Be Willing to Take On the “Dirty Jobs”

Today is Wednesday, so this post in on outstanding performance. 

One way to become known as an outstanding performer is to volunteer to take on difficult tasks, or to work on important problems facing your company.  Last year, I did a podcast with Bill White, author of From Day One.  Bill had some very interesting things to say about being willing to take on what he calls "dirty jobs".

Bill:  One of the recommendations that we make in the book is to consider taking the dirty jobs, the tough jobs, the jobs that nobody wants.  If you’re working for a good company, there are always places where there are problems.  It may be a product line that didn’t take off like it should, it may be a new brand that we’re just starting to launch that has run into some difficulty, may be a factory that has problems, or may be receivables that are not easy to collect.  If you volunteer for those jobs, the chances are that you will succeed much better.  First of all, you will have a chance to make a difference, because it’s an area where somebody actually needs to have help.  Number two:  you won’t have any competition because most other people your age won’t volunteer for these jobs because they see them as dirty jobs and they want to go where the glamour is.  Number three: everybody’s going to know what happens.  If you do something well, somebody’s going to react to that and your boss will know about it.  So the phrase we use is “you can’t fall off the floor”.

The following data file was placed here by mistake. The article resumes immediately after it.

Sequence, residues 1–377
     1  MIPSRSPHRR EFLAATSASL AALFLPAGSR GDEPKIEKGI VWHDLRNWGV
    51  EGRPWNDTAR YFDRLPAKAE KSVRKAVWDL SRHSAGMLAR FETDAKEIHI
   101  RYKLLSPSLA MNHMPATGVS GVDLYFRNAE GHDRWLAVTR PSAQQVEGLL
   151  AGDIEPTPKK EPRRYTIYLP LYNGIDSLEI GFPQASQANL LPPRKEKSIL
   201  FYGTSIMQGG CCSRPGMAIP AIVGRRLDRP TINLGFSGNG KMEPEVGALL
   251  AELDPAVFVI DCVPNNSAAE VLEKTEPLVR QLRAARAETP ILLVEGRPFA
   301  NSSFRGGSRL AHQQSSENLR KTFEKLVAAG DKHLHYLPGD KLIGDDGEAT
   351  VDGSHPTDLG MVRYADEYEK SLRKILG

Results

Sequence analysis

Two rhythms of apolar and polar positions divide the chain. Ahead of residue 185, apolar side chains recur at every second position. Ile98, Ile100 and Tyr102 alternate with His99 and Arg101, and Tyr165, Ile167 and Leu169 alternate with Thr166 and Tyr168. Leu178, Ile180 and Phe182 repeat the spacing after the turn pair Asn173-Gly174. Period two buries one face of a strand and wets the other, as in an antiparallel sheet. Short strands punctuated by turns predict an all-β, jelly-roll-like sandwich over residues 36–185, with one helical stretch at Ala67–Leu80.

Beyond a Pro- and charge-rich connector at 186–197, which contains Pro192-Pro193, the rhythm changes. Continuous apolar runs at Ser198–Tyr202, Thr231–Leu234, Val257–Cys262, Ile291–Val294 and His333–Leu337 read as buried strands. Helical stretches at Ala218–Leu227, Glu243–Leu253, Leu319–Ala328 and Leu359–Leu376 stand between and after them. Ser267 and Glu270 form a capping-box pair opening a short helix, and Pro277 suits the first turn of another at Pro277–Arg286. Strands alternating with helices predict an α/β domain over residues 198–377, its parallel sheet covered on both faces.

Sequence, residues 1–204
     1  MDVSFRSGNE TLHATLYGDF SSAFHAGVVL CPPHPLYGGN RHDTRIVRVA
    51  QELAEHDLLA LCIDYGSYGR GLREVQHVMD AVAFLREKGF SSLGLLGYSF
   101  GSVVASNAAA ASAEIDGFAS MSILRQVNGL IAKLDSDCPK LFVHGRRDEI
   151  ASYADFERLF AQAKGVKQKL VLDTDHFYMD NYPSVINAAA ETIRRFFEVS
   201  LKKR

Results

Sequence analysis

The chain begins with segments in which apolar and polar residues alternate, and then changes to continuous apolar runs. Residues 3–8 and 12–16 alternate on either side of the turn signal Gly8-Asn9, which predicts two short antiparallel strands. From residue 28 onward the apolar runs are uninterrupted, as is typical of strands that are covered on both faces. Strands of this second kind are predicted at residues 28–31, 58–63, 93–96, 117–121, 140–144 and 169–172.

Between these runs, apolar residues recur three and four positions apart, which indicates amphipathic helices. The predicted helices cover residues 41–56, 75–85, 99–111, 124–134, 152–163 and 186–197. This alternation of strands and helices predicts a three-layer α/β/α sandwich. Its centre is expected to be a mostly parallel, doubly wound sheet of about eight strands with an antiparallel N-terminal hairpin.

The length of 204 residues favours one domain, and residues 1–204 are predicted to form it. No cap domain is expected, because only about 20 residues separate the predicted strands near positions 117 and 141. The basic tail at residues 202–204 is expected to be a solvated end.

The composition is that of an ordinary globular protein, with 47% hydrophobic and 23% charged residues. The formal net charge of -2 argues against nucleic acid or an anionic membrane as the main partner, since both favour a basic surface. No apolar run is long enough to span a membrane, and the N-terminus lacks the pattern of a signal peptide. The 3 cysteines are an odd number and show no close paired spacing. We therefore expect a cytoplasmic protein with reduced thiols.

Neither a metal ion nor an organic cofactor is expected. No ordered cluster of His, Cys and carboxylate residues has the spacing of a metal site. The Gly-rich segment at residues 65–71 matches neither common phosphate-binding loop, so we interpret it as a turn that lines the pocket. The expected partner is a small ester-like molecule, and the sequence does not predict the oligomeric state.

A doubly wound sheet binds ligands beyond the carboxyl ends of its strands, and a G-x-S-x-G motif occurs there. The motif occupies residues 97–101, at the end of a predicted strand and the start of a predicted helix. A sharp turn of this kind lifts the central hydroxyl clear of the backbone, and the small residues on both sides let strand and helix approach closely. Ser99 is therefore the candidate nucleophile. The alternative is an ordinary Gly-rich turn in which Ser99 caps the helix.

Bud:  So even if you go into a tough situation and maybe you have less than optimal results, the fact that you tried is going to get you a lot of good press and publicity within the company.

Bill:  Absolutely right.  And you hit the last point right on the head.  If you don’t fix it, it’s not your fault, you didn’t break it.  People will say “well, maybe this is a problem that just doesn’t have an easy way of fixing it”, so it’s a great way for a young person to make a greater contribution to the organization and have very little downside.

Bud:  Let me bring something else up that’s similar, but different and I just want to get your opinion on it.  When I was working for a company 25 years ago, I had a similar experience.  I volunteered to head up a charitable campaign.  This particular company was very involved with the United Way.  They were really big contributors and wanted to show how they were involved with it, so one year I actually volunteered to run the headquarters campaign, which is not a lot of fun.  But it brought me to the attention of several people.  And so I guess after listening to you speak about taking the dirty jobs, what I was thinking about was there are things that are not necessarily business related, but are important to companies where there are other opportunities like that.

Bill:  Absolutely correct. 

Bill White makes some great common sense points about how to build a great career in his book From Day One.  By the way, in case you haven’t figured it out, as the title of the book suggests, outstanding performers get involved quickly – from day one, they become as productive as they can as quickly as they can. 

That’s it for today.  Thanks for reading.  Log on to my website for more common sense.  Check out my other blog: for common sense advice on leading people and running a small business.

I’ll see you around the web, and at Alex’s Lemonade Stand.


PS: Speaking of Alex’s Lemonade Stand – my fundraising page is still open.  Please go to to read Alex’s inspiring story and to donate if you can.

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